I began my early education at Ahmadiyya Girls’ School, Olusi in Lagos at age six in 1960. After my primary education, I proceeded to St. Theresa College Ibadan where I did my West African School Certificate Examination coming out in Grade One in 1972. I spent one year at the Federal School of Arts and Science in Lagos. I was given scholarship by the Federal Government of Nigeria to study medicine in the then Union of Soviet Socialist Republic (USSR). My father was a lawyer and to be honest with you, I did not choose medicine. I came out with Grade 1 in my school certificate and I had all the subjects required for me to pursue my ambitions.  I had three choices then: one was chemical engineering, the other one was medicine and the third was pharmacy. When I went for the interview, it was the panel that thought I would be better off as a medical doctor. Also, I was told by the panel then that to study in Russia was an added advantage because they had more female doctors. They suggested it would be better for me to go for my second choice which was medicine rather than chemical engineering.  That was how I embraced medicine.


Landing in Russia…

In our time, we saw scholarship opportunity as a relief to pursue one’s dream. Although, my parents could afford it. The scholarships that came forward were for the Eastern Europe countries. It was just like exploring. I went to Russia in 1975 to pursue a career in Medicine in September of that year. What struck me the day we landed in the country was the extreme cold. And coming from our climate was not funny. But I coped. We were taking to the big Mall to go and get winter coats.  We had a one year for the preliminary where we learnt the Russian language. We were taught in Russia and Latin because in Medicine they used Latin words mostly. But for the expression and explanation it was all Russian Language. We learnt very fast because we were surrounded with people who were speaking the language. After three months of training, I was at the State Medical Institute of Zaporozhe Ukraine for medicine in 1975. I successfully completed my Doctor of Medicine Degree in 1981 and returned to Nigeria.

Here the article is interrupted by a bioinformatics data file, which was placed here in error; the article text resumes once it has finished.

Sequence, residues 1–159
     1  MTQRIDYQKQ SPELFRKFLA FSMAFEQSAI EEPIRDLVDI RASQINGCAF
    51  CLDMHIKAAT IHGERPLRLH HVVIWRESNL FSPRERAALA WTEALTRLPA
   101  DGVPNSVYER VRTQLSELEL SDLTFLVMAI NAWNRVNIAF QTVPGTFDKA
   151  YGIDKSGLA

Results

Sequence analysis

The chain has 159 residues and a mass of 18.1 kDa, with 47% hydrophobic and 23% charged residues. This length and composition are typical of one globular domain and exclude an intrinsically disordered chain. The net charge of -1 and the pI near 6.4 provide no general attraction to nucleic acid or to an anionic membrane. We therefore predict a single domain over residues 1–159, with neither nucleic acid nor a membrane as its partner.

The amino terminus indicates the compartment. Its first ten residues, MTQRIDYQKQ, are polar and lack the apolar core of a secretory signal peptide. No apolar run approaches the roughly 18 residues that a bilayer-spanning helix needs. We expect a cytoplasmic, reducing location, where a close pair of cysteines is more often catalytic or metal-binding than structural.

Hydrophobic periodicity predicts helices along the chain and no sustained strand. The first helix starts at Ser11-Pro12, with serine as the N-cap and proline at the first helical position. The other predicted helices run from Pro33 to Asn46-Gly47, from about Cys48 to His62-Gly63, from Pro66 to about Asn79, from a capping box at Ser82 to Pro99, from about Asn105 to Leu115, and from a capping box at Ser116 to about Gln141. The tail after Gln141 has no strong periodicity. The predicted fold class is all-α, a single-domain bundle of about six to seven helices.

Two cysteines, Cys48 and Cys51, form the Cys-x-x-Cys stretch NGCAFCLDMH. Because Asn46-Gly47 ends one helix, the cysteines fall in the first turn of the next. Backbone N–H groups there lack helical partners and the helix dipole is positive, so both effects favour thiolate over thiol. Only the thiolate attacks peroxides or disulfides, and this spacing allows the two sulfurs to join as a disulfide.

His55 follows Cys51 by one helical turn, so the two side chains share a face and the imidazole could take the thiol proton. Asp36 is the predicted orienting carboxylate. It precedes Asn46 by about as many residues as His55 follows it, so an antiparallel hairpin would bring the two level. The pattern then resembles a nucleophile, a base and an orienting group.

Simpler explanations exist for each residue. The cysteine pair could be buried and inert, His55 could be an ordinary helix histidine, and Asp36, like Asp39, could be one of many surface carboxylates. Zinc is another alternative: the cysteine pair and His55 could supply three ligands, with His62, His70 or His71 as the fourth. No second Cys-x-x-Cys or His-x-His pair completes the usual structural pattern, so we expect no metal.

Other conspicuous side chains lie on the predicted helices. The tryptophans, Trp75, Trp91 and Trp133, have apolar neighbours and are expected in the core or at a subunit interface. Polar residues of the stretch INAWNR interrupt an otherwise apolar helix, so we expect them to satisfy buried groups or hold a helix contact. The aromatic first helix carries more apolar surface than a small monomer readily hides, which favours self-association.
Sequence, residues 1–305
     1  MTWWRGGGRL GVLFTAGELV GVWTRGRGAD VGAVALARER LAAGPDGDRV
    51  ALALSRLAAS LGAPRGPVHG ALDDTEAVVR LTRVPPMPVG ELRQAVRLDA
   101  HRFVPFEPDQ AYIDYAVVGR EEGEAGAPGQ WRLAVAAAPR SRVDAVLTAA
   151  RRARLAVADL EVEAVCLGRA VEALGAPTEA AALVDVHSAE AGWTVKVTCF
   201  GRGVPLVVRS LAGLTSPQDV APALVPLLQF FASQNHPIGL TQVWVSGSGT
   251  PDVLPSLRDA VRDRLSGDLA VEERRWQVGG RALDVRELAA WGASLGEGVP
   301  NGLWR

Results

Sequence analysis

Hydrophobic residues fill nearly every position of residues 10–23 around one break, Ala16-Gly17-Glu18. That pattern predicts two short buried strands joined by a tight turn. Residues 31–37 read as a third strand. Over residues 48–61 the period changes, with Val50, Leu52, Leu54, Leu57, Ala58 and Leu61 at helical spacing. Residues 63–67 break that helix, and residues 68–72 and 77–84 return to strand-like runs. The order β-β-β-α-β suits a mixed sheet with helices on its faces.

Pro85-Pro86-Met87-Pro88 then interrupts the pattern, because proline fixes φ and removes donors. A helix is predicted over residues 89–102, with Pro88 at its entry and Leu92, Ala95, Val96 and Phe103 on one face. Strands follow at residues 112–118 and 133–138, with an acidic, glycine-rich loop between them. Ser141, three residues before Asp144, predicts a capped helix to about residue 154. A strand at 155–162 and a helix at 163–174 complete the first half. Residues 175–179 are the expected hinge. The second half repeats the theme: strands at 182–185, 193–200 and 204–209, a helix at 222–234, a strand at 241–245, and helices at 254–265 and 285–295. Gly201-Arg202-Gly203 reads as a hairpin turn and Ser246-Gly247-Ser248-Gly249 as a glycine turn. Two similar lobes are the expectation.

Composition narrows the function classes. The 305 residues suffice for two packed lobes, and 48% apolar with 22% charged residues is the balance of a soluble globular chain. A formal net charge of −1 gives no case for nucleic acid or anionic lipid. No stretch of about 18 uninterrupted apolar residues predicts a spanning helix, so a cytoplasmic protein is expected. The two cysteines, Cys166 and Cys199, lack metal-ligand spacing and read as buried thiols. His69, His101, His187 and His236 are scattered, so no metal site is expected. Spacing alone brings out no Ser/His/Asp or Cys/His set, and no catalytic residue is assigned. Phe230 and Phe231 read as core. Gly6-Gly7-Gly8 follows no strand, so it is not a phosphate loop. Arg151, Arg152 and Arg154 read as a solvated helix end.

Beginning a career…

I returned to Nigeria in 1981 and immediately moved to Ogbomosho Baptist Hospital Oyo State for housemanship and the mandatory one year National Youth Service Corp (NYSC). I worked in this hospital for three years. In 1984, I joined the service of Lagos State Hospitals Management Board as a medical officer ll. I had always wanted to get to the peak of my career, which was to do a residency programme and become a consultant. The initial challenge was deciding on which area of medicine to specialize in until I came to work with Lagos State and I had the opportunity of working with Dr. Braimoh who was a consultant hematologist.  I was looking at pathology generally but wanted the aspect of pathology that had clinical side to it and the only one that came to mind was hematology and I went in to do the course. From medical officer ll, I rose to become a consultant after going through postgraduate training in Haematology and Blood Transfusion at the Lagos University Teaching Hospital Idi-Araba from 1988-1993. I became the fellow of the National Postgraduate Medical College of Nigeria in May, 1993. This step actually helped my career because I moved up the ladder as a consultant Haematologist at the General Hospital Lagos from 1993 and rose to become a senior consultant and later a chief consultant in that department. I was appointed the head of department of Haematology and Blood Transfusion in 1996. After three years stint in this position, I was appointed the director and coordinator of the Lagos State Laboratory Services in 1999. I served as the director between 1999-2003 when I was appointed the medical director/chief executive officer of General Hospital Lagos in August of 2002. In 2005, I became the permanent secretary, Health Service Commission, Lagos State.  The position I held until I retired in January this year.